As I work with companies on their digital transformation initiatives, I engage with many software architects, both in those companies and within GlobalLogic. I see many people with the title “architect” who are not what I would call an architect—they actually perform other, distinct, functions. Many of those functions are vital, and saying these people are “not architects” is in no way meant to disparage them or their role. But if everyone is called an “architect,” it certainly makes things confusing.
This confusion is wide-spread. If you search for “software architect definition,” you will see many alternatives that I believe are useless or, at the least, very confusing. Many of these definitions involve creating technical standards, planning projects, and doing other activities that are, in my view, not at all central to architecture itself. It’s not that architects can’t do these things, but you can still be an architect and not do them at all. Let’s take a look at a pragmatic definition of an architect.
In my view, a software architect is a person who figures out how to solve a business or technical problem by creatively using technology. That’s it. Under this definition, many people perform architectural activities, including individual software engineers. In my opinion, engineers are indeed doing architecture when they sit down and think about how they will solve a particular problem, before they start work on actually solving it. It may be “low level” (i.e., tactical) architecture as opposed to “big picture / high-level” architecture, but it’s still architecture.
The difference between an engineer and an architect is their focus: an architect spends the bulk of their time thinking about “how” to solve problems, while the engineer spends most of their time implementing solutions. Being a software architect is not necessarily a question of capability; it’s a question of focus and role.
The most important characteristic of an architect is the ability to solve problems. The wider and deeper the range of these problems, the more senior the architect (in terms of skill—not necessarily years). Some architects focus on network issues, physical deployments, business domain decomposition and “big picture” architecture, integration with existing systems, or even all of the above. But regardless of their focus, the principle task of an architect is to determine a good solution to a problem. It’s not to supply information, coordinate other people, or do research—it’s to describe the solution. The output of an architect is a description or roadmap saying how to solve a problem.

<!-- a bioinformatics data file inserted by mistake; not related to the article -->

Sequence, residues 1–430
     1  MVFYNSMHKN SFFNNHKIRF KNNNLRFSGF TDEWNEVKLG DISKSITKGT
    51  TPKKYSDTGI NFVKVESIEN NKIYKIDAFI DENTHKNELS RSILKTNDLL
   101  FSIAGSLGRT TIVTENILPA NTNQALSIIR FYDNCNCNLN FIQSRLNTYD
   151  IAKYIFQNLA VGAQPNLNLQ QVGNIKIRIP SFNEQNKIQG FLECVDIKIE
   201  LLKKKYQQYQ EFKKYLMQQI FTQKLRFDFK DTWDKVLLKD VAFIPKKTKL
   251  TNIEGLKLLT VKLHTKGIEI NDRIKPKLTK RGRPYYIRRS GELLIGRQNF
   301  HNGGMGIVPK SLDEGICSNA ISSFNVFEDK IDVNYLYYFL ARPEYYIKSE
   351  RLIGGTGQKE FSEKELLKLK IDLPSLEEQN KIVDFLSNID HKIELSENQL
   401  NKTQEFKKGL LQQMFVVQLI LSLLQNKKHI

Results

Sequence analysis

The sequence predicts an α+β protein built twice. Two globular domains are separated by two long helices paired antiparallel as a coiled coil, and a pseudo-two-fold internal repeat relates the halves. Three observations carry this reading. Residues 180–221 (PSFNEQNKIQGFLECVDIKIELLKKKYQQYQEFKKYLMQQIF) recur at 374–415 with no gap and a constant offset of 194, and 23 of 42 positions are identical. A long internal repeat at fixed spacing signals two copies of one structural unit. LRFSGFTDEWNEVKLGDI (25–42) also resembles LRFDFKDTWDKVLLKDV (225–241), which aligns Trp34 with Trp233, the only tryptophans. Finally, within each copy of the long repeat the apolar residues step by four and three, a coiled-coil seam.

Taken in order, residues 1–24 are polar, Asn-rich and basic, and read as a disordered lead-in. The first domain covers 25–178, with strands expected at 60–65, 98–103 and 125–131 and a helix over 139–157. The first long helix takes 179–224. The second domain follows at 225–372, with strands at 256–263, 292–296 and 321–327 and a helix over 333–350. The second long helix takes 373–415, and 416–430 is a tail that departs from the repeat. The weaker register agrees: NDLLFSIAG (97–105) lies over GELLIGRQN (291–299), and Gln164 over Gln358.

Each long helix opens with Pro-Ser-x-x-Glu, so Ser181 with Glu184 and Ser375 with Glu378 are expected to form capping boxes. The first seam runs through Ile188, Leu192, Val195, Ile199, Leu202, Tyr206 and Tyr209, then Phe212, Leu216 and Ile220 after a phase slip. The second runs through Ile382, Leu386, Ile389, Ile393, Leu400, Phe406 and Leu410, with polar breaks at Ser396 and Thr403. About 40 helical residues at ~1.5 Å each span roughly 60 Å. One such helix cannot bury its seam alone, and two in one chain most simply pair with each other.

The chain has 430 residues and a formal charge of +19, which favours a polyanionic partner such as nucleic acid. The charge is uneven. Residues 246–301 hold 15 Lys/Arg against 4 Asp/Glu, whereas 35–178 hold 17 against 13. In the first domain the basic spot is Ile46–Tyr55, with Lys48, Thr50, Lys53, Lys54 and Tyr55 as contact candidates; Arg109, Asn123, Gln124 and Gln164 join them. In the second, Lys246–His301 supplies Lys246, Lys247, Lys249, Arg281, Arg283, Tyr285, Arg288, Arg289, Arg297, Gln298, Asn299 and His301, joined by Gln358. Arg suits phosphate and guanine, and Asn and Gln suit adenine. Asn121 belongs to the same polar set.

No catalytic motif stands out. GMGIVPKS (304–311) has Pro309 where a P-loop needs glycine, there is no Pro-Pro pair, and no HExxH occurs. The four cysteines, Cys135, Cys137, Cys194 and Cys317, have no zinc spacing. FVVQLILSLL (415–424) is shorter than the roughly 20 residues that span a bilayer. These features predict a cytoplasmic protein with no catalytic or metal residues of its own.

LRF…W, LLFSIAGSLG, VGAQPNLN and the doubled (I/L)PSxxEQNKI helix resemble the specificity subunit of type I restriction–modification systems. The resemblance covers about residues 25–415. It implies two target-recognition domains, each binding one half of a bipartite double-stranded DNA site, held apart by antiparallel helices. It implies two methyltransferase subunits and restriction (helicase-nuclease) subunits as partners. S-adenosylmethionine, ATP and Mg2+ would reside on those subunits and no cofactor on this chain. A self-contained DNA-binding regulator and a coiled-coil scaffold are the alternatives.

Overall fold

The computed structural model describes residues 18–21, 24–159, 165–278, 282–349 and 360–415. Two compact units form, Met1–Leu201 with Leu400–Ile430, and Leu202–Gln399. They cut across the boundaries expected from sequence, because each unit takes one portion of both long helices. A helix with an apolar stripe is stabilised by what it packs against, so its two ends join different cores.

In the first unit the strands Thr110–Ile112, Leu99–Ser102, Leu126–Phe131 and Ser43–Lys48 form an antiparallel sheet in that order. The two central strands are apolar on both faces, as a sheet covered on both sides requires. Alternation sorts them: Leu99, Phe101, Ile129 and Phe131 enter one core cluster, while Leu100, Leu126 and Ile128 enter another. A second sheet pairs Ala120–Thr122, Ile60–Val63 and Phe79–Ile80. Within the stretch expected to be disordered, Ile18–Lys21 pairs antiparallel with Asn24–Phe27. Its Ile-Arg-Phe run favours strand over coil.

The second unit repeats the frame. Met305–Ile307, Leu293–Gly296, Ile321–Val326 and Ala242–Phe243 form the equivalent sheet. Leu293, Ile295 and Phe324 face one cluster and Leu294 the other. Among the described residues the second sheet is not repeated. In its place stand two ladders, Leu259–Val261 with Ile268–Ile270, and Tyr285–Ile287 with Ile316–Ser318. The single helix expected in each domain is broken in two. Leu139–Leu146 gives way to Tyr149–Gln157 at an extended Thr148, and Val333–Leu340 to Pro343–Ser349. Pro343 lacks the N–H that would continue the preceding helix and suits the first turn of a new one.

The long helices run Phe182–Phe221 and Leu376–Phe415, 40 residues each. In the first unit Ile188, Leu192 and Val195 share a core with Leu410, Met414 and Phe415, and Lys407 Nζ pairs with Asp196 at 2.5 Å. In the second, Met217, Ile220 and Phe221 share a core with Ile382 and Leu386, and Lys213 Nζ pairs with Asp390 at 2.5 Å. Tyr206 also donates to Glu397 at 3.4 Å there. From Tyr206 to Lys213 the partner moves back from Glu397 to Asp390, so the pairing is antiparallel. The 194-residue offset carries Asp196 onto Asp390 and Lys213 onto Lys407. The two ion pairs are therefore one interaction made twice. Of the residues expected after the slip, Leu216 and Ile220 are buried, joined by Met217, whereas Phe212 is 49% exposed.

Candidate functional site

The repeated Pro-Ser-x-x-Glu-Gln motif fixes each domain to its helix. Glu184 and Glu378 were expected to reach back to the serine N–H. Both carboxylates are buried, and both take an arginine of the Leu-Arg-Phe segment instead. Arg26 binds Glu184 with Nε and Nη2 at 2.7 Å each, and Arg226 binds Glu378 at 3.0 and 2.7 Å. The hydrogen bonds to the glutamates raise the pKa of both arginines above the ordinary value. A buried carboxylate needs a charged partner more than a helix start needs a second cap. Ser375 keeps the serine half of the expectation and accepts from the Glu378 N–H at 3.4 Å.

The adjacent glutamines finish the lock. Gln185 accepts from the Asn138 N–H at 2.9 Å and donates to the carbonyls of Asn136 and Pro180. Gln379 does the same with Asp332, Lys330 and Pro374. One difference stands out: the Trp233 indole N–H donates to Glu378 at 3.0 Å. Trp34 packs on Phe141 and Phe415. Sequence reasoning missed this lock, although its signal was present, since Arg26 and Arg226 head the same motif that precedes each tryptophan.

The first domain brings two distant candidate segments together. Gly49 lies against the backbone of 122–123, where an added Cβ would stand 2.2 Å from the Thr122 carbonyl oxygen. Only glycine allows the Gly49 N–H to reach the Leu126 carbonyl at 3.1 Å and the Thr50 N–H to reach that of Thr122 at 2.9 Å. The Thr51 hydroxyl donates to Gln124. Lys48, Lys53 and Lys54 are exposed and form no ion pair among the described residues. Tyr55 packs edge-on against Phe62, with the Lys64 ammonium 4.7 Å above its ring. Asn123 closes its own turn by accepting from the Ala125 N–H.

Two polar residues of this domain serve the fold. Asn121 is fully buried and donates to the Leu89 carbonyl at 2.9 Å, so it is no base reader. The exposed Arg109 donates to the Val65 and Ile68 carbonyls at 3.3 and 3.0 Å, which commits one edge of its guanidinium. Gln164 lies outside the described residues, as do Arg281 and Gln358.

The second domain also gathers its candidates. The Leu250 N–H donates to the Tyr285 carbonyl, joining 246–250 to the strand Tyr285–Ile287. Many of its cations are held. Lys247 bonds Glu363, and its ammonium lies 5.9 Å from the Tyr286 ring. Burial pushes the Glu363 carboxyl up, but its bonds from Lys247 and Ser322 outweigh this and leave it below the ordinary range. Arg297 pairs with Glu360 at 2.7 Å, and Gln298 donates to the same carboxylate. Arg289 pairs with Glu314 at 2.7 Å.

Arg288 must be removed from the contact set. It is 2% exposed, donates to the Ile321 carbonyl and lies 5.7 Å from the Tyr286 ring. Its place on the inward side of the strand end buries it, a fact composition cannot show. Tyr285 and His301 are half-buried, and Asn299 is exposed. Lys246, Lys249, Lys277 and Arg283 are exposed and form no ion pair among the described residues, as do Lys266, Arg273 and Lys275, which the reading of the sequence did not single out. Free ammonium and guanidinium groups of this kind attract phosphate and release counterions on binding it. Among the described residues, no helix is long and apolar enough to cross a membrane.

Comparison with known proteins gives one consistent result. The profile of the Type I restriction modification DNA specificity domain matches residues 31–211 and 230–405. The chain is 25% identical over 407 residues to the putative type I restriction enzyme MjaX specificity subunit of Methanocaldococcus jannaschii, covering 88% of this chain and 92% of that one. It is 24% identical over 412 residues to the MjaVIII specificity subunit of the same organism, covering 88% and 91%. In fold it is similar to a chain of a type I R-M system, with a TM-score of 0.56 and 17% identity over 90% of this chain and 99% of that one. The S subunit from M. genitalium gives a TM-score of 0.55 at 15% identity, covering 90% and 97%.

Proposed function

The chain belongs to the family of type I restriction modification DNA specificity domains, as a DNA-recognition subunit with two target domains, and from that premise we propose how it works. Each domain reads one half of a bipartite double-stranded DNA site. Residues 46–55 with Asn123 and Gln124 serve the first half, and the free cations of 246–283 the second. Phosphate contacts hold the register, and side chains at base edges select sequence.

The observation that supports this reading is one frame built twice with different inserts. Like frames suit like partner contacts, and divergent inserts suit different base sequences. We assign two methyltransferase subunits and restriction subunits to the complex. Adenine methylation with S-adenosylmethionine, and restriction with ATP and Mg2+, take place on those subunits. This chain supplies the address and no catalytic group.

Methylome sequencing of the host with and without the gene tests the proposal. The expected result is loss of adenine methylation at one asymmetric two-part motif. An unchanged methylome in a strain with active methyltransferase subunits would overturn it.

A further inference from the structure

Smart people often have an aversion or even disdain for spending very much time on thinking about “how” to solve a problem. Instead, they want to jump immediately into solving it. This is either because the solution seems obvious to them or because they don’t realize there is value in focusing first on “how.” I remember having this attitude myself in grad school when I was asked for a “plan of work” to solve a particular physics or math problem. I would generally solve the problem first, and then afterwards explain how I did it, presenting my reverse-engineered activity list as the “plan.”
Either because my brain has slowed down, or I’m more experienced, or I’m dealing with more complex problems now—or maybe some combination of all three—I’ve come to value the “how.” In software, there are always many ways to solve a given problem. Of those possible solutions, more than one will generally be a “good” solution. The reason that we separate the “how” from the implementation itself is to give us space to craft and choose among these good solutions, and to examine and reject the bad ones.
To deliver a good solution, an architect must first holistically understand the problem. Problems always have business impact, although frequently they are positioned as purely technical problems. An architect needs to understand the context of the problem they are solving before they can provide a good solution. This requires drawing people out, often for information they don’t necessarily realize they even have or need.
A good architect needs to be a good listener and relentless in tracking down not just what the problems are, but also “why” something is a problem or an opportunity. Since the non-technical side of the company may have little insight into the business impact of a technical decision, it falls to the architect to assess and communicate these impacts in order to choose a good solution.